Christmas alone is never a joyous time for me, but this year my cousin invited me to spend the day with her family, so I was looking forward to that, when she called to cancel our plans after her daughter, a nurse at a local drug store, came down with the Covid. Backup plan, my neighbor, friend of all the years I have lived here, twenty-two, Marilyn, said I was welcome to join her family’s celebration. It wouldn’t be the first time I numbered among the family at her table.
We knew that an arctic blast was headed our way, as the weather crews were warning for days in advance. I worried that there are no rails along the three steep steps to their front door and she pointed out that through the garage there is just one and both her husband and son would be there to help me up. We agreed to see just how bad the weather got.
On the last decent weather evening, Marilyn’s young neighbors behind her, had organized their church friends and their children to gather at various homes to carry on the ancient tradition of singing Christmas carols. Marilyn called to let me know when they moved on from her house. With my front door open, I sat on a folding chair and sang along and even requested another before they reconvened at Donna’s house.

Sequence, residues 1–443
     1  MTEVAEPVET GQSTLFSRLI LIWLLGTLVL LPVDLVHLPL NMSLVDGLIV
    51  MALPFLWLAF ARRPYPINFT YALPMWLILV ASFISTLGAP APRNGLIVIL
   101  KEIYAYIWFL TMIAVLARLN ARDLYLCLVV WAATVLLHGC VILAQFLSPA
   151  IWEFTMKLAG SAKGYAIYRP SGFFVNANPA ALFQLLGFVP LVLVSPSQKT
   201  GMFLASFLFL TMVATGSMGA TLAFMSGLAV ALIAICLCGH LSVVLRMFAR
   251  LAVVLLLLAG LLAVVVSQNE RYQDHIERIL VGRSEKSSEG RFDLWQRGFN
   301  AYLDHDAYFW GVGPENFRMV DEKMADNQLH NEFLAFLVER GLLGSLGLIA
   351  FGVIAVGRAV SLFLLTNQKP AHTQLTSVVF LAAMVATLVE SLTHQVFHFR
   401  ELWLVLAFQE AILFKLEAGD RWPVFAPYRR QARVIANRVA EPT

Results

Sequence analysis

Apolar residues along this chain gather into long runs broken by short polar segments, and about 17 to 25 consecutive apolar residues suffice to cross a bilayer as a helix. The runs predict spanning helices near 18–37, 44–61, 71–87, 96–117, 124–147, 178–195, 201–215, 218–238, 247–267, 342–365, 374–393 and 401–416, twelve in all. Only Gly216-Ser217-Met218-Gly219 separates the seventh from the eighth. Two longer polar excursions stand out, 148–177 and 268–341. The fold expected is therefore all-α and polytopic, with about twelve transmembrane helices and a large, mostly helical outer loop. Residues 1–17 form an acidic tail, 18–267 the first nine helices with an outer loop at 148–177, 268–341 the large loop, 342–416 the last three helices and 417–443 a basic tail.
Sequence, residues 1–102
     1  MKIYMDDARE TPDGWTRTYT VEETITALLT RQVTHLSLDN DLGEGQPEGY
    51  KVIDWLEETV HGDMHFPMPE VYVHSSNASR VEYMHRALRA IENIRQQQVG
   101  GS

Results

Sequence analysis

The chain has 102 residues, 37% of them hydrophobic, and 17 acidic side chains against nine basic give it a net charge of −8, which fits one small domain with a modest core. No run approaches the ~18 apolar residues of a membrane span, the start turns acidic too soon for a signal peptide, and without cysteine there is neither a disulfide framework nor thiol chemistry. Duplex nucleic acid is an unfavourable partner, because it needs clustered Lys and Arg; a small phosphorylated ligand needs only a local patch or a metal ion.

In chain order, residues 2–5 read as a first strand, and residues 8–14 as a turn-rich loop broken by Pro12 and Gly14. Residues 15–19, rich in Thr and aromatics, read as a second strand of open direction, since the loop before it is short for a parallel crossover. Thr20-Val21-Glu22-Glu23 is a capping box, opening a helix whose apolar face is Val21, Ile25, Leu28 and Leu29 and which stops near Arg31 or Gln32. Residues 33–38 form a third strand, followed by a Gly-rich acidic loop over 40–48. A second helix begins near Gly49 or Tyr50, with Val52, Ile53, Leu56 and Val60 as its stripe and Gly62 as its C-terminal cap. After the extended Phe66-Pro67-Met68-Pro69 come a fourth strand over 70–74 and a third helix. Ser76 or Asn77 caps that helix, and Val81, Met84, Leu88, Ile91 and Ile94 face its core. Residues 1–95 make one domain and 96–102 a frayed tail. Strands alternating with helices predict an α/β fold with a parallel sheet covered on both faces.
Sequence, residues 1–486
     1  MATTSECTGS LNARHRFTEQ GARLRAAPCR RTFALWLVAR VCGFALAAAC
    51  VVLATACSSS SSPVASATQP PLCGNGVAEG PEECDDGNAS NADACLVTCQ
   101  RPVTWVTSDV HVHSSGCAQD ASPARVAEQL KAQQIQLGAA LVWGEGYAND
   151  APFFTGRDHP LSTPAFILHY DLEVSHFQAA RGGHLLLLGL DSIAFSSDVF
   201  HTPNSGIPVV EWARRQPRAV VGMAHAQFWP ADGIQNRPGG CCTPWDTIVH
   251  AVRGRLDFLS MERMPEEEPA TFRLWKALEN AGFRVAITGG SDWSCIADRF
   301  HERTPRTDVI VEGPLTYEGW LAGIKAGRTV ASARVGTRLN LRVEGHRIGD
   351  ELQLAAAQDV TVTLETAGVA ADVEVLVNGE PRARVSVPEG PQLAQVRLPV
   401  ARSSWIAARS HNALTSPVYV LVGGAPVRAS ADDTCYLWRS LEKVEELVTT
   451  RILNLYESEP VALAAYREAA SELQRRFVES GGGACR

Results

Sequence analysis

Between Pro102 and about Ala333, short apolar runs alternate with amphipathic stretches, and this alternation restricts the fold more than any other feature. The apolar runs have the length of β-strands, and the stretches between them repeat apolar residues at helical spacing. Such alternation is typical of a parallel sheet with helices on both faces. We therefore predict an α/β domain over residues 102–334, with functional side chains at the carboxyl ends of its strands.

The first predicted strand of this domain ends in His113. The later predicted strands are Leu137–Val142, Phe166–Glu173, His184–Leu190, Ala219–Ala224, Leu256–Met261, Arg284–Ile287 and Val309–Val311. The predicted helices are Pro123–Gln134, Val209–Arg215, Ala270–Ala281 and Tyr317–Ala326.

The same evening my cousin, Theresa called to advise that her younger brother, my cousin, Anthony, has passed on, after a terrible battle with cancer, and the consequences of alcohol and drugs on his body.
Much later the same night while searching the Internet for my son, as I periodically do, I found a long article with more information about him than I have found in many years, ending with a nice, current photo of him. I was so tickled I forwarded it to his sister and my cousin Theresa to verify my find. As soon as they both concurred, it was him, I forwarded to many friends and family. This was my Christmas joy.
The Weather did take a dive, with gusts said to be up to 75 mph in some areas while the mercury quickly fell from 42 degrees F to 10 and then down to minus 4 degrees F on Christmas Day. The news reported assorted mishaps including a 50 car pile up on the Ohio Turnpike. The power outages began to climb, but I was most fortunate and did remain comfortable, and able to watch tv and keep lights on.
My daughter was the first to call and as always, it was a pleasure hearing her voice. She said Christian brought home a nice ham for their dinner and all is well. (Thank You, Lord!) The next call was from Pat, a neighbor down the cul de sac who said their power went out and right back on again several times (requiring as many resets of clocks and such.)
At this point I, still donned in flannels and a cap, made breakfast coffee when Marilyn called. Her son was on his way over with a plate for me from their Christmas dinner. What a blessing for me, and all others who are lucky enough to have her in their lives.